The main focus of the book is on assisting Black readers, with the authors taking alternate chapters, each of which deals with topics including: developing your brand, the importance of networking and how to do the same, mentoring and sponsors (and what they mean for you), growing yourself and developing your skills and career, how to work within and navigate predominantly white organisations and the taboo topic of money (including how to manage money effectively and the importance of investment).   Each chapter ends with a bullet point summary of the key points that the reader should take away, including things to reflect on.

The advice is all very practical and sensible, particularly with regards to networking (which, to be honest, I wish someone had told me back when I started my career) and authenticity (which the authors discuss by reference to Black identity although the points they make can equally be taken by white or other people of colour.  I was particularly pleased that they included a chapter on the importance of maintaining your health – both physical and mental – because all too often that’s a topic that gets lip service paid to it but they really draw it in to the overall themes and topics within the book.  In particular, they address having to address micro aggressions, building mental resilience and avoiding burnout but I was also impressed that they include a section on dealing with success with the legendary DJ Trevor Nelson discussing the impact on friendships, which I found very interesting.

The authors have carried out interviews with 42 contributors for the book, finishing with a section where each contributor gives a key piece of advice, which is both clever and inspirational given that they come from a range of business backgrounds.  Some of the contributors are also very honest about their own journeys and experiences, discussing failures or things they could have done differently, which is just so important in books of this type.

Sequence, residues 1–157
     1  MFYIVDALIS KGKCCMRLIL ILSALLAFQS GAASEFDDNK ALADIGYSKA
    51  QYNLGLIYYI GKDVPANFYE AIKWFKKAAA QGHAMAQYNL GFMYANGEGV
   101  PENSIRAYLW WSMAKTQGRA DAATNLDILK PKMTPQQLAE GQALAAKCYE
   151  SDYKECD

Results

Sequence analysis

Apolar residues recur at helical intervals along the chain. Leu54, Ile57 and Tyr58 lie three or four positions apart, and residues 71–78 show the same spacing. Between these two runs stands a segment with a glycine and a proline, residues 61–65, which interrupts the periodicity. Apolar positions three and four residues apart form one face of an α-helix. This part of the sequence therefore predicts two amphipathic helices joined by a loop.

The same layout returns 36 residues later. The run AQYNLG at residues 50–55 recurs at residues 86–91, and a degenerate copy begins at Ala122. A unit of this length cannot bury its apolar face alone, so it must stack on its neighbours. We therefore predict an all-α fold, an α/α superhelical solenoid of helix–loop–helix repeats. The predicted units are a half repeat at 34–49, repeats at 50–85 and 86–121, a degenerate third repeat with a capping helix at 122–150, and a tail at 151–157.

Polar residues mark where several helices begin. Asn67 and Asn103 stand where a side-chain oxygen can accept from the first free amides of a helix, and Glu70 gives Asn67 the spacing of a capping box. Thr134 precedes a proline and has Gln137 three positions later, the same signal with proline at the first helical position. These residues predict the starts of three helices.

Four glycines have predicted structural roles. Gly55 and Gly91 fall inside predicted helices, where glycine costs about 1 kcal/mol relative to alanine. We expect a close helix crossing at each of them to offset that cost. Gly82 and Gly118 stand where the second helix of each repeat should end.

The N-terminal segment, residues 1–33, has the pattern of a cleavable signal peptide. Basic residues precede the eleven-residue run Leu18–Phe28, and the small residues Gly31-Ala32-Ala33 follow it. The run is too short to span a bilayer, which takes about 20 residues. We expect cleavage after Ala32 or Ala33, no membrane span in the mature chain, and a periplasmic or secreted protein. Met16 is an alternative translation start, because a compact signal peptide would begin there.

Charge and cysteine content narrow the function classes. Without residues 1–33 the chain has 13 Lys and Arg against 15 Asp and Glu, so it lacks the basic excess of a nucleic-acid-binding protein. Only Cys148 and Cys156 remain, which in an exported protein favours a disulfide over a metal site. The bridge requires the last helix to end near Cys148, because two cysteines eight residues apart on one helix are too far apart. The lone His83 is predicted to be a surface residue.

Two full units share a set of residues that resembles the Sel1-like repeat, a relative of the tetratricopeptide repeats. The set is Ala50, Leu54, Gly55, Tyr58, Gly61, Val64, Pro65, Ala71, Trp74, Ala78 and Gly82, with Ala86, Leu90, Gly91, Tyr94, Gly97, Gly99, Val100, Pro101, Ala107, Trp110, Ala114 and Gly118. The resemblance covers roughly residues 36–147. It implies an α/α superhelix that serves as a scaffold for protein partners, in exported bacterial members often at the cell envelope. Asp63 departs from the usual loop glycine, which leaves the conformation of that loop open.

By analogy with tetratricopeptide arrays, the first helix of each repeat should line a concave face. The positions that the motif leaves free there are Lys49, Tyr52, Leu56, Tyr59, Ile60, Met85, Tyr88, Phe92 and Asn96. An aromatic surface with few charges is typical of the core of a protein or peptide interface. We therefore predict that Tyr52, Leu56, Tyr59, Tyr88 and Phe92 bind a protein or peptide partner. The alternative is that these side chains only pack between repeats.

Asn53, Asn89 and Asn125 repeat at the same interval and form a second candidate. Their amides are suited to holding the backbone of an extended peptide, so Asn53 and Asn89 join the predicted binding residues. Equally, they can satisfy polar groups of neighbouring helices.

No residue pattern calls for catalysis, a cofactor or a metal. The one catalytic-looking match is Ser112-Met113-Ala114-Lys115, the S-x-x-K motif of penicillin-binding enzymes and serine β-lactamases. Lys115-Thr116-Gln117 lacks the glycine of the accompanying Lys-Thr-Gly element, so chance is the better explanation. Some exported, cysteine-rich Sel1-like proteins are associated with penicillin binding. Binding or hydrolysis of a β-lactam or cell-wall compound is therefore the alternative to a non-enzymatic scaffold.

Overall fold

As someone who reads a lot of books about both business and self-help, this is one of the best examples that I’ve reviewed.  The authors write clearly and very humanely and have really thought about the audience and the messages that they want to get across.  I genuinely wish that someone had given this book to me when I started my career *cough cough* years ago because I think it would have made me think about goals and strategy and just how I approach the office and my relationships within it.  If you are a young Black person getting started in business or putting your first foot on the career ladder then I really do think that this is worth a couple of hours of your time because there is a lot here that will make you think about identity and progression from people who have been there ahead of you.